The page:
from sklearn.model_selection import train_test_split

df_after_warmup = df[100:]

X_train, X_test, y_train, y_test = train_test_split(
    df_after_warmup[["Home_AvgHG", "Home_AvgAG", "Away_AvgHG", "Away_AvgAG"]].values, 

Typically I would start of using a dummy classifier to have a baseline for the problem. The scikit-learn dummy classifier can use different strategies, here I am using the "prior" strategy which simply predicts the most frequent class (always a home win). The classifiers on scikit-learn use a very simple interface: fit is used to train a model and predict for inference. The predict_proba method returns the actual prior, the ratio of home win, draws and away wins for the train set:

from sklearn.dummy import DummyClassifier
from sklearn.metrics import confusion_matrix, accuracy_score

dummy_classifier = DummyClassifier(strategy="prior", random_state=42), y_train)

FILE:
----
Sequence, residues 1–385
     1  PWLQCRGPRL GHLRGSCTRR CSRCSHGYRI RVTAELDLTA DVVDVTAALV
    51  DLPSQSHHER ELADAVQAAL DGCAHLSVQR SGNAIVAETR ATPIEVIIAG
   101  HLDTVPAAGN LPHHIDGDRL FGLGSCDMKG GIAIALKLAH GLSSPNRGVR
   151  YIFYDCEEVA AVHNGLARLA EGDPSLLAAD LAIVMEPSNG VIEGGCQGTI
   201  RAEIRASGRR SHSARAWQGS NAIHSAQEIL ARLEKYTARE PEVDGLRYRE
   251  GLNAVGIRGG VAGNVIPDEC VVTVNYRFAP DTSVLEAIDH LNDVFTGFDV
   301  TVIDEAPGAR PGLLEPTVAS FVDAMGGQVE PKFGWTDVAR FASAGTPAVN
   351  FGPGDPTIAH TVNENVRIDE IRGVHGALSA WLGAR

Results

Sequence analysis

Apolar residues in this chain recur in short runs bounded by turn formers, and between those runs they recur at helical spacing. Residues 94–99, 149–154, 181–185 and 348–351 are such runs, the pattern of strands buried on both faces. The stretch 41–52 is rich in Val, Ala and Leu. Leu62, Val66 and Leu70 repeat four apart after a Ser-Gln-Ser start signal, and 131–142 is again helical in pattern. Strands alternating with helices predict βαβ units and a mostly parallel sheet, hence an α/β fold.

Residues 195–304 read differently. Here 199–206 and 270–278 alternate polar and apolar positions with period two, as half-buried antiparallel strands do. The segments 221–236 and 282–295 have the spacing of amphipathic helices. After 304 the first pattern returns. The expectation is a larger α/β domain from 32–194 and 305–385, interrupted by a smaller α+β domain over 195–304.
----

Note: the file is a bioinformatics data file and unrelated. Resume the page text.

proba = dummy_classifier.predict_proba([[1, 1, 1, 1]])
predictions = dummy_classifier.predict(X_test)
print(confusion_matrix(y_test, predictions))
print(accuracy_score(y_test, predictions))

When looking at the performance of the model we can first look at the confusion matrix. The confusion matrix is a simple table that outputs the actual class versus the predicted class. The dummy classifier predicts a home win for all matches, which means all 56 matches in the test set are predicted as home win. However, only 23 of those matches actually ended in a home win, which means that the accuracy of the model is around 41% (correct predicted samples / all samples).

  0 - Predicted Home 1 - Predicted Draw 2 - Predicted Away
0 - Home 23 0 0
1 - Draw 13 0 0
2 - Away 20 0 0

Next, I will use an actual machine learning model, a simple random forest classifier which uses multiple decision trees to make a prediction. The interface is exactly the same as for the dummy classifier: